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Marita now runs 2Mar Robotics, an innovative company that is dedicated to providing robotics solutions for people with disabilities. It is an inspirational initiative and she spoke candidly of the processes involved from setting up a company and getting her ideas off the ground, and hopefully to market. Marita and her team have designed some amazing machines to help people that really need them. Her ideas are rooted in making the world a better place,

“Engineering is all around us, so it’s important that the engineers who create our world are as diverse as the people who live in it.”

Marita Cheng

Marita’s story is engaging and inspirational and she has certainly inspired me to continue to deliver an engaging and exciting STEM program at my school and aim to inspire the next generation of female engineering superstars to make the world a better place to live in. In the world of STEAM – E is for engineering!

Year 5, MARS & STEM in Term 1

What an awesome term of STEM we had in year 5! The main objectives were to learn about the planet Mars, space missions to Mars, the role of NASA and the Jet Propulsion Laboratory and the people that work there, discover if humans could live on Mars and what life would be like there.

So, lots of talk about lots of my favourite things: space, Mars, NASA/JPL, Adam Steltzner, The Martian, amazing technology, science and engineering, really inspiring stuff.

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As well as the main learning objectives I had planned at the start of the course, some extra opportunities arose to fit into the busy schedule to enhance the course further. March 14 was Pi Day and I planned a special lesson with help from a great resource I found from the NASA website called Planet Pi. I adapted the lesson slightly for year 5 and they coped with some new and tough maths admirably. This lesson highlighted how NASA scientists use Maths in their jobs to learn about planets and other celestial bodies. I explained the maths and formulae clearly and used some great visuals to help the girls understand the maths and why it was needed. I loved the example of using Pi to explore a planet, this was such a great lesson!

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Another great lesson we had this term, and which was a complete and unexpected surprise was the Skype with Andrea Boyd, an engineer with the European Space Agency. Andrea lives in Germany and was good enough to stay up late at night to speak to all of year 5 at 9am Sydney time. Andrea spoke about her education and career in the space industry, which was very interesting and inspiring for our young girls. Our students prepared some great questions to ask Andrea about space, the International Space Station, astronauts and more. Our girls did a great job, were beautifully behaved, very polite and engaged with this brilliant, young, Australian woman. We learnt so much about space and how astronauts live and work on the ISS. This was a really exciting lesson which everyone enjoyed! Big thanks go to Jackie Slaviero, founder of One Giant Leap Australia, for putting me in contact with Andrea and then for sending me an amazing pack of goodies from NASA.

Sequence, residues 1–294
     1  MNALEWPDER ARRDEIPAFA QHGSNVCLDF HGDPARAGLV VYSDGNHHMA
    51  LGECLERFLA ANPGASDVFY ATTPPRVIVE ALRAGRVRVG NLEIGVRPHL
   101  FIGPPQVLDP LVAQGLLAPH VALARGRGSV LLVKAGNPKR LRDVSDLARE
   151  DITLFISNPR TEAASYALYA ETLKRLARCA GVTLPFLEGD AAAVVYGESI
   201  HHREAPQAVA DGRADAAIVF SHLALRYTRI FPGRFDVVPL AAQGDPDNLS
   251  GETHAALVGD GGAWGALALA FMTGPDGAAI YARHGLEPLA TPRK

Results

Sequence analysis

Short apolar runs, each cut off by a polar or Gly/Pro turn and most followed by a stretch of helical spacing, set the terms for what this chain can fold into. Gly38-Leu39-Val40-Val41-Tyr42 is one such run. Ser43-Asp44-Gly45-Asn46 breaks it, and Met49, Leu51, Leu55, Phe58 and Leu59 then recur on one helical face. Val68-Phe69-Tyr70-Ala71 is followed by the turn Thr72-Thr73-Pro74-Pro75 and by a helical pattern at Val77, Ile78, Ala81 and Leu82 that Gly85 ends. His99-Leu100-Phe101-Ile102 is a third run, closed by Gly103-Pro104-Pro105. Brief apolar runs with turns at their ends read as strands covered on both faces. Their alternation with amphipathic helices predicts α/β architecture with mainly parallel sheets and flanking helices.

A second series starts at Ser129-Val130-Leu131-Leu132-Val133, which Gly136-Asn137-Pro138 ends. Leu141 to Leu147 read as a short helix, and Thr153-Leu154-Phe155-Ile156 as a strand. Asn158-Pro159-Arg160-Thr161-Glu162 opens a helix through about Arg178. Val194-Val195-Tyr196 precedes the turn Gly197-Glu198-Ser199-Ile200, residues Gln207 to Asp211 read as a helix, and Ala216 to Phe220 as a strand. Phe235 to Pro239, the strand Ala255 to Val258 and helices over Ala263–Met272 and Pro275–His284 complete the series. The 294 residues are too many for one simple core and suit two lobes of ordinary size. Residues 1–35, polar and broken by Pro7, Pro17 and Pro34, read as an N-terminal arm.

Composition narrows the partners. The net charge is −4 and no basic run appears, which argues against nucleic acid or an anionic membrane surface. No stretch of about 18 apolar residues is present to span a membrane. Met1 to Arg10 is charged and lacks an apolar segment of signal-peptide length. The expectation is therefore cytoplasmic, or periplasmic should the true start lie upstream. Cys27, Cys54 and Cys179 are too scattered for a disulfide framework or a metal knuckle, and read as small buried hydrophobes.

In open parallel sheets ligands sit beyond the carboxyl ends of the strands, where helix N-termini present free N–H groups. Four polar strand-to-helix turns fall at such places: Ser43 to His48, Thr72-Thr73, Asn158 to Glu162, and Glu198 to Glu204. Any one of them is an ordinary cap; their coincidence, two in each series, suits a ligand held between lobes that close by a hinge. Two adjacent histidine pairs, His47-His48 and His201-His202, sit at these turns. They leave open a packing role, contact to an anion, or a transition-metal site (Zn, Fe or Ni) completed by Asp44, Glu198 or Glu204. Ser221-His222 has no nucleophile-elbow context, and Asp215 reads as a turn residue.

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The students seemed to love our STEM lessons this term. Space is such an interesting, exciting and inspiring topic for young and old, and I was so pleased with how they engaged. I love the questions they ask, they are so curious and what to learn everything. As well as learning about Mars we learnt about black holes, the Earth and Moon, the ISS, the speed of light, galaxies and more. We could quite easily study space for the whole year, and I gladly would.

Next term… students continue their STEM journey to Mars when they work in engineering groups to design and build their own Mars rover, based on the Mars Science Laboratory (MSL), aka Curiosity. Curiosity has been a common theme throughout the term and I talked a lot about it when I talked about JPL engineer and EDL team leader for Curiosity, Adam Steltzner, a really inspiring speaker.

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His TED talk ‘How Curiosity changed my life, and I changed Hers’ is one of my favourites.

We also looked at rover facts and a great video called ‘7 minutes of terror’ which details how the rover made it from the top of the Mars atmosphere travelling at 30,000 mph to the surface travelling at a few mph in just 7 minutes. Another must-see video!

Like I said, I could teach this topic all year and not get bored! I used this video for an Edpuzzle.com which included some questions about the EDL of Curiosity. A great resource for incorporating video into classes.